Ownership is primal. The first two words children learn in any language are “no” and “mine.” People have an deep intuition of what is theirs and what is not. Emotionally, It’s Mine defines ownership; in the real world, it is not so black and white.
When people own real estate, what they really “own” is a bundle of property rights. What rights are the bundle, and how are these rights held? Today, I want to take a step back and review real estate law and outline property rights and vesting title. As I recently took the excellent Broker’s review course from Real Estate Trainers, much of the legalese comes from their study manual.
Who or what is an Owner?
The Owner of Real Property can be (1) an individual owning in his or her own name; (2) a group owning together either as Community Property, Tenants in Common, or Joint Tenants; (3) an entity such as an LLC or a Corporation, (4) or a living trust.
Many people hold unshared title in their own name, and it is not limited to singles as many married owners in California are listed as either a man or a woman owning as “sole and separate property.” This distinction is important in a Community Property state like California where it is assumed that husband and wife act as a family unit with ownership apportioned equally between the two parties. In instances of inherited wealth, prenuptial agreements, or other business dealings, spouses often buy and sell property in their own name; however, these separations are tenuous in a marriage, and in hostile divorces, sole and separate can be anything but.
Tenants in Common is the most common form of multi-party ownership other than Community Property. Each Tenant in Common can dispose of their share of ownership as they see fit including passing it to descendants upon death. This stands in contrast to Joint Tenants where the death of one tenant causes their share of ownership to pass automatically to the other. Joint Tenancy is more common as a form of spousal ownership in states without Community Property laws.
Investors and others hoping to limit liability and remain somewhat anonymous often buy and sell real estate through special entities. These entities have the legal status of individuals capable of entering into contracts including owning real estate. There are advantages and disadvantages of using entities, and anyone considering doing so should consult an attorney and a tax advisor.
Another way people hold title is through a living trust. The trust itself holds title just as an individual or entity would, the main feature of living trusts, which make them a desirable method of holding real estate, is that property can transfer upon death directly to the heirs avoiding probate.
What does an Owner Own?
An owner, to the exclusion of all others, has a bundle of rights: possess, use, sell, enter, give away, lease, encumber, dispose, exclude or, do nothing subject to governmental powers and claims of others, and the owner may dispose of the whole bundle or any one of these rights at any time. Ownership can be held in a number of ways known as Estates, of particular interest to us is the perpetual Freehold Estate; it has no termination date and no party to accept ownership after reversion as does the Less-Than-Freehold estate known as a lease.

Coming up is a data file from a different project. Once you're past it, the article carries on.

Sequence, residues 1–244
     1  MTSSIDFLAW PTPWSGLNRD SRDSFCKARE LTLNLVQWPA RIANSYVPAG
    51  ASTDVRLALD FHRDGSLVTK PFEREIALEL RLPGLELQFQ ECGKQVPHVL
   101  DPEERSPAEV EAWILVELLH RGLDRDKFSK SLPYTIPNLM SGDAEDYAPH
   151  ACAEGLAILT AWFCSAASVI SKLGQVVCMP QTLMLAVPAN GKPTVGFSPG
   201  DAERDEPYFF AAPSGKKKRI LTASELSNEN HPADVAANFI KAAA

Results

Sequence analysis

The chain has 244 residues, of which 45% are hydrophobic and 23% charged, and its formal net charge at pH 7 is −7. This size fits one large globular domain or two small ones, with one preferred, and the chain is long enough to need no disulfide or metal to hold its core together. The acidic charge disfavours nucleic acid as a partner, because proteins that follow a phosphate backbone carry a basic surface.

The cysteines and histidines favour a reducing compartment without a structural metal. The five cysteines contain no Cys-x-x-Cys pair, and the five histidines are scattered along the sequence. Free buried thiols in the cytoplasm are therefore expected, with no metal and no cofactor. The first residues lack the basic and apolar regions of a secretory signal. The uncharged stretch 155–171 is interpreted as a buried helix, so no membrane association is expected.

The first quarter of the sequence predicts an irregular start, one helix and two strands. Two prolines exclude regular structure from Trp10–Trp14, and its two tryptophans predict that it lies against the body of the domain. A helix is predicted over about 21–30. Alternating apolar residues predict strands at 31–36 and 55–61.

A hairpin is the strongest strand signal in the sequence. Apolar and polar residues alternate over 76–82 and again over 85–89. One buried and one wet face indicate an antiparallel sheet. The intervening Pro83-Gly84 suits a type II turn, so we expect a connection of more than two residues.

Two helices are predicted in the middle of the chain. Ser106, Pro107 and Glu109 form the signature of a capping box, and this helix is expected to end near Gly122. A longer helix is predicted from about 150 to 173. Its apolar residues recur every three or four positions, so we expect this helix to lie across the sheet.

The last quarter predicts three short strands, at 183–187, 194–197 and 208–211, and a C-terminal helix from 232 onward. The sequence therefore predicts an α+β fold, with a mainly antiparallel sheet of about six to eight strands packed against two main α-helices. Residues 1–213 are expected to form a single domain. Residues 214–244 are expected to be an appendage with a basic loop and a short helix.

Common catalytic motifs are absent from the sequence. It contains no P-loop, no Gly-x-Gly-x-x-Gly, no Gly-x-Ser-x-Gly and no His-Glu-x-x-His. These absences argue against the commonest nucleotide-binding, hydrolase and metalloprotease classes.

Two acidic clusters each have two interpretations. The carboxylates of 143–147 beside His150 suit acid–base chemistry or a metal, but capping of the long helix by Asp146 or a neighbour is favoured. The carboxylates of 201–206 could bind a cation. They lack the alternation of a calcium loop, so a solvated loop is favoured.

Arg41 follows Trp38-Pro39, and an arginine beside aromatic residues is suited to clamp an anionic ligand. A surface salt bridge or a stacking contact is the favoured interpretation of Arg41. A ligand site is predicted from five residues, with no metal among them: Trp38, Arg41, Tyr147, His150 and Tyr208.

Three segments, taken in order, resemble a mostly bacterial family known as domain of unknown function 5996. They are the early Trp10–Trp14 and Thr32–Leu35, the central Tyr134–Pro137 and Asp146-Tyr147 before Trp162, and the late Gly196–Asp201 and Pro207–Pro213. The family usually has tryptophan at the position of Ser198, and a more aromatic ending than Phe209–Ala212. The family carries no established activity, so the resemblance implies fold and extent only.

Most homeowners possess a Freehold Estate known as a Fee Simple Estate or Fee Simple Absolute where the owner holds title without any qualifications. In my description of property rights above, I mention ownership is subject to claims of others, the most common being the mortgage encumbrance. Owners whose properties are encumbered by Trust Deed (similar to mortgage) also signed a Promissory Note with a lender stating they will pay back borrowed funds according with terms and conditions described in the Note. These owners still possess a Fee Simple Estate, but the mortgage lien is such an onerous encumbrance that an argument can be made that lenders are owners, and owners are money renters.
Trustee sale occurs because borrowers, for whatever reason, are not meeting their financial obligations. A process is set in motion when borrowers default leading often to a change in ownership either through (1) market sale, (2) short sale, (3) deed-in-lieu (legal abandonment) or (4) trustee sale.
Mortgage or Deed of Trust?
The legal system of Mortgages and Promissory Notes identifies the parties to the transaction and establishes rights and responsibilities. There are two basic systems from managing the complexities: Mortgage or Trust Deed. In California as in some other states, we have a Trust Deed system, but since it is the more complicated of the two, I will address the Mortgage system first.